I hope the photo of this luscious chocolate cake lured you in and will keep you here to the end, where you'll find the recipe.
But this is really a story about a young man who had enough courage to move forward with a new venture and enough passion to go back to his family's time-honored method of producing a quality product. In this age of synthetic everything, it's reassuring to know that at "La Vecchia Distilleria," someone is making orange blossom oil and water using quality ingredients and time-honored methods.
The person in question is one Pietro Guglielmo, a 34 year-old man I visited on my recent trip to Italy. Pietro lives in Vallebona, a small village in the Ligurian hills not too far from France. (Sorry I didn't capture him with his eyes open in this photo, but farther in this post, click on the video to see him in action.)
The products in question are orange flower water and precious orange flower oil, also called "neroli," essences that his family distilled for seven generations starting in 1856, but had to abandon after circumstances forced the business to close.
Following the proliferation of inexpensive, chemically produced oils in the mid-twentieth century, the distillery closed in 1960, although his father and grandfather continued to make the product for local customers. That is, until 1984, the year that an unusually heavy snowfall killed off all the orange trees.
Below is a photo of Pietro as a young child, sitting on his father's lap with the old distillery equipment in the background.
Fast forward twenty years to 2004, when Pietro decided to plant about 150 new orange trees. What started first as a hobby is now a way of life, he said. The production is still small, with about 300 liters of orange blossom water this year.
But now that the trees have reached ten years old, they will produce many more flowers, so he is hopeful that production will increase by 50 or 100 liters next season.
The trees planted are a bitter variety of oranges, similar to what the English are fond of using for their marmalade.
The flowers are harvested in May, and his entire family gets involved in the hand-picking, including his 92 year-old grandmother Ines.
In order to obtain one kilogram of neroli, used in cosmetics and perfume, one ton of flowers is necessary. For the orange blossom water, used mostly in cooking, two liters result from each kilogram of distilled flowers.
The equipment today is a little more modern but the process is nearly the same: After the flowers are picked, they go into a large vat with water. The water is boiled and the resulting steam contains an extraction holding the aromatic qualities of the flower. The steam vapor travels through copper tubes into another container, where the water is cooled down. A glass container called a "Florence container" is then held at the bottom to catch the liquid, and because the oil is lighter than the water, it separates and rises to the top.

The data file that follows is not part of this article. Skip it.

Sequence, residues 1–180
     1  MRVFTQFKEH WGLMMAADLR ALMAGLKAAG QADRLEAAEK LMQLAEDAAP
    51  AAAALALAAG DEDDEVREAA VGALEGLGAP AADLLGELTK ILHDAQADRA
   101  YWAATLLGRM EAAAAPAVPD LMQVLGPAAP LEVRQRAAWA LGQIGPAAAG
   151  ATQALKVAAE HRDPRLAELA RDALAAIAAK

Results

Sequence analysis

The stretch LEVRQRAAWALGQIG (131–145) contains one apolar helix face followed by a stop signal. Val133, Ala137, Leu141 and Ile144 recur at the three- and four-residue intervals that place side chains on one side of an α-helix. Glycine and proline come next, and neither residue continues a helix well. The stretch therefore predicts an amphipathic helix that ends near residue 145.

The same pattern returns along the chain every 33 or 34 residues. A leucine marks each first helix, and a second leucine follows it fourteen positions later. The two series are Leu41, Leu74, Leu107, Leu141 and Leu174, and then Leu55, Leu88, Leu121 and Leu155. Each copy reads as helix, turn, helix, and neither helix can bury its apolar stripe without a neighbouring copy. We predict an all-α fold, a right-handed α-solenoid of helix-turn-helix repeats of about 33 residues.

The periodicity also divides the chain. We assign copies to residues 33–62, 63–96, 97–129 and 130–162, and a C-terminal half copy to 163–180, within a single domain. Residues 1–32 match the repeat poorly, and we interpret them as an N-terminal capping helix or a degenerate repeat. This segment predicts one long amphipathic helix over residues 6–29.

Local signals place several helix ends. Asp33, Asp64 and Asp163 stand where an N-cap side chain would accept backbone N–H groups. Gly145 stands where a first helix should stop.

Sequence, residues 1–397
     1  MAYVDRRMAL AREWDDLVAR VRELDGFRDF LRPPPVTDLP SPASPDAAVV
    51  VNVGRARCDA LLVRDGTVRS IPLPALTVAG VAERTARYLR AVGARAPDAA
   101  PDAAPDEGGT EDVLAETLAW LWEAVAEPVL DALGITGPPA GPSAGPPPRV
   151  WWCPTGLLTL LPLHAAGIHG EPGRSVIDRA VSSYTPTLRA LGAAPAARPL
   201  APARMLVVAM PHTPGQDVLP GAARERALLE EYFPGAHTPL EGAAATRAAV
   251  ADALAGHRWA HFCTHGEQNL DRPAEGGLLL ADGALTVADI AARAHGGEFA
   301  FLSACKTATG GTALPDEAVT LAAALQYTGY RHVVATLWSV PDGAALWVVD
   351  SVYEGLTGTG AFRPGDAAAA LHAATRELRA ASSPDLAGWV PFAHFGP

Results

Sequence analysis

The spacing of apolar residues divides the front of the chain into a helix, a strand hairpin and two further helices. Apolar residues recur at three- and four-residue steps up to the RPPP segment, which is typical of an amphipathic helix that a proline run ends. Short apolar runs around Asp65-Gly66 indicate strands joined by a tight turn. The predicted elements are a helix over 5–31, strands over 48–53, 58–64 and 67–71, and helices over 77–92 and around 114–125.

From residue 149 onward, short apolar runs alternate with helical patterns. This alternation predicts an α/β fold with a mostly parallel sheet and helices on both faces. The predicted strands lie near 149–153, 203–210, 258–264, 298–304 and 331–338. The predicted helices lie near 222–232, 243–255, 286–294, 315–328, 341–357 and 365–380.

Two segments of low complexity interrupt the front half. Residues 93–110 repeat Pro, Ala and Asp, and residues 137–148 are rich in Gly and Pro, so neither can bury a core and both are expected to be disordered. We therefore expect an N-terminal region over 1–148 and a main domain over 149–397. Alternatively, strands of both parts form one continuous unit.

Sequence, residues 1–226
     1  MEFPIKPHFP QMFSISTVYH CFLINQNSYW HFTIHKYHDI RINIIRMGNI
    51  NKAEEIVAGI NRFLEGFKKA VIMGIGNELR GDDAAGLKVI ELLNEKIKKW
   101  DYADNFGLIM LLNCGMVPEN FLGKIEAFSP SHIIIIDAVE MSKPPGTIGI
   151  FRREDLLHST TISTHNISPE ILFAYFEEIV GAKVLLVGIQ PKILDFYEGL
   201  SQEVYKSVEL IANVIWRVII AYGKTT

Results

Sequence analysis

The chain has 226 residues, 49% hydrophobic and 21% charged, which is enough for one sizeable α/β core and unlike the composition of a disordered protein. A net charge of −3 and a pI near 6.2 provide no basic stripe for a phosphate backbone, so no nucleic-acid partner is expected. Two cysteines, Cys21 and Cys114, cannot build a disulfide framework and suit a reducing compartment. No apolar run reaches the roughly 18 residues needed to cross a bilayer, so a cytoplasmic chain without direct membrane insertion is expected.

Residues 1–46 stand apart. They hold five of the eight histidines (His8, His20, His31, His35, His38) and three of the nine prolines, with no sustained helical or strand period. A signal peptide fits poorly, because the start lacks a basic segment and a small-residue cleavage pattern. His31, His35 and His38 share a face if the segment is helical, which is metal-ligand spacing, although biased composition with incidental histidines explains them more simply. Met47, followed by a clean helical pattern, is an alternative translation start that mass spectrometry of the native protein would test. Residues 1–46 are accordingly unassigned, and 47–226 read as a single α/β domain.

To hear Pietro talk about it, click on the video below.
In addition to orange flower oil and water, Pietro distills other botanicals, including roses, lavender, thyme and rosemary.
He's had requests from perfumers in Grasse, France's perfume capital, to buy his orange blossom and rose petal oil, but since production of those is still quite small, he prefers to use the precious oil in the creams and oils he makes and sells himself.
He'll ship anywhere around the world, so if you're interested in a real artisanal, high quality product for your culinary adventures, or for a wonderful face cream, click here to find his website. You can also write to him at firstname.lastname@example.org.
As promised, here's a recipe for that flourless chocolate cake, infused with orange blossom water:
The recipe calls for a 9 inch springform pan, but I used an 8 1/2 inch pan and also filled two mini muffin pans, holding 24 "cakelets" as well, since I was taking them to an event.
Either way, serve with whipped cream, a slice of orange and orange peel shavings.
Flourless Chocolate Cake with Orange Blossom Water
(From "A Brown Table" but adapted from Alice Medrich's Sinfully Easy Delicious Desserts)
printable recipe here
yields: one 9 inch cake (actually I made one 8 1/2 inch cake and 24 small "cakelets")
8 large eggs, cold
2 sticks (8 ounces) unsalted butter cubed at room temperature
11.5 ounces dark chocolate chips ( I used Guittard 63%)
1 tablespoon sugar
2 tablespoons orange blossom water
1. Place a wire rack in the middle of the oven and preheat to 350F. (I baked it at 325F for about 40 minutes) Line a 9 inch springform pan with parchment paper or aluminum foil. Grease with butter and keep aside until ready to use. (I used a 8 1/2 inch springform pan and two mini muffin tins holding 24 mini "cakelets.")
2. Place the eggs in the bowl of a stand electric mixer and using the whisk attachment, whisk the eggs on high speed for about 6 to 7 minutes until the eggs have doubled in volume and appear pale yellow. Add the tablespoon of sugar. Keep aside.
3. While the eggs are whisking, place the butter and chocolate in a large heatproof bowl and place it over a saucepan containing simmering hot water. Stir with a silicone spatula until it is completely mixed.
4. Pour half of the whisked eggs into the bowl containing the chocolate and using an outward to inward movement, fold the mixture to incorporate. Add the orange blossom water and the remaining whipped eggs and fold until combined and no visible flecks of the eggs can be seen. Pour the batter into the prepared pan and bake for about 20 minutes until the center of the cake is firm to touch. Allow the cake to cool to room temperature in the pan. Then using a sharp paring knife run the knife between the cake and the pan and release. Serve the cake chilled with orange blossomed infused whipped cream and shavings of orange peel.